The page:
5. The Archangel

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    The question of Saul comes up every-so-often in our church, usually in discussions about God's sovereignty, plans, etc.

    There are some back-story things to consider about Israel and an earthly king. We have to remember that God always planned, at some point, to have Israel have a king.
    The scepter shall not depart from Judah,
    nor the ruler's staff from between his feet,
    until tribute comes to him;
    and to him shall be the obedience of the peoples.
    (Genesis 49:10 ESV)

    “When you come to the land that the LORD your God is giving you, and you possess it and dwell in it and then say, ‘I will set a king over me, like all the nations that are around me,’ [15] you may indeed set a king over you whom the LORD your God will choose. One from among your brothers you shall set as king over you. You may not put a foreigner over you, who is not your brother. (Deuteronomy 17:14-15 ESV)
    So, the issue here is not wanting an earthly king. The issue is wanting a "king like other nations." This is best understood as wanting a king "that looks like and acts like the kings of the other nations." And, indeed, that was Saul.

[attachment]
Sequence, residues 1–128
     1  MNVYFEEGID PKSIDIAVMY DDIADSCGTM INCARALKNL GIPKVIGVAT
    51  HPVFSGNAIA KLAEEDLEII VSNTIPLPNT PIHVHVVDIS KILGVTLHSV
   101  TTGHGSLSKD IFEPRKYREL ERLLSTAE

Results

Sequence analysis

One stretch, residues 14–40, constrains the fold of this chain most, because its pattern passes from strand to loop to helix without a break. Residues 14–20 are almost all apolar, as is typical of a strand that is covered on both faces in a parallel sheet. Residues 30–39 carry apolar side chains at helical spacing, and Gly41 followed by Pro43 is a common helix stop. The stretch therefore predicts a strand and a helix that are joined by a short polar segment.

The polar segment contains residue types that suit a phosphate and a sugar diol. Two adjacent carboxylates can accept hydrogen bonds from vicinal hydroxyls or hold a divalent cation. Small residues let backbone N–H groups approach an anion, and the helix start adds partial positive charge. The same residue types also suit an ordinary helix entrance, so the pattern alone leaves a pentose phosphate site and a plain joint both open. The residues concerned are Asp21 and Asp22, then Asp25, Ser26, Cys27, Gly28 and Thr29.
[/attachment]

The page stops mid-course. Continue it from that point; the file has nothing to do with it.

Saul was tall, good to look at, etc., just like the other "pretty" kings of the other nations.

    But, we should know from the text, the first time we meet Saul, that he was to be a bad king. Why? The first time we see Saul (1 Sam 9), he is on a mission to find his father's lost donkeys. The first time we see David...he's away from the family faithfully tending to his father's sheep.

    The text implies who will be successful as king and who will be a failure.

    Furthermore, we should have expected Saul to fail as a king--as he was from Benjamin, not Judah.

    What is more, when Saul is dis-qualified from being king (which is to say that his offspring will not be king), it comes on the heals of horrendous disobedience.

    One thing Saul does is to act in the place of a priest. Remember...Saul is already a King, he has already prophesied, and now, in the absence of Samuel, he sacrifices animals in place of a priest. Nowhere in Scripture do we see one man take the tripartite mantle of "Prophet, Priest, and King" until Christ.

    Every king-like leader in Israel, Moses, Saul, David, etc., has, at most, two of the offices. Moses is a "King" and a prophet, but his brother Aaron is the priest.

    I maintain that Saul is disqualified precisely because his disobedience--at its root-- is to appoint himself as "Priest" in addition to his kingship and his prophecy. Only Christ is allowed to wear the three titles and hold the three offices.

    So...could he have done otherwise? Sure. He was willfully disobedient. But, knowing what the text says and shows through implication, we should have expected Saul to fail. While his disobedience was his alone, we should have expected it.

    Blessings,

    The Archangel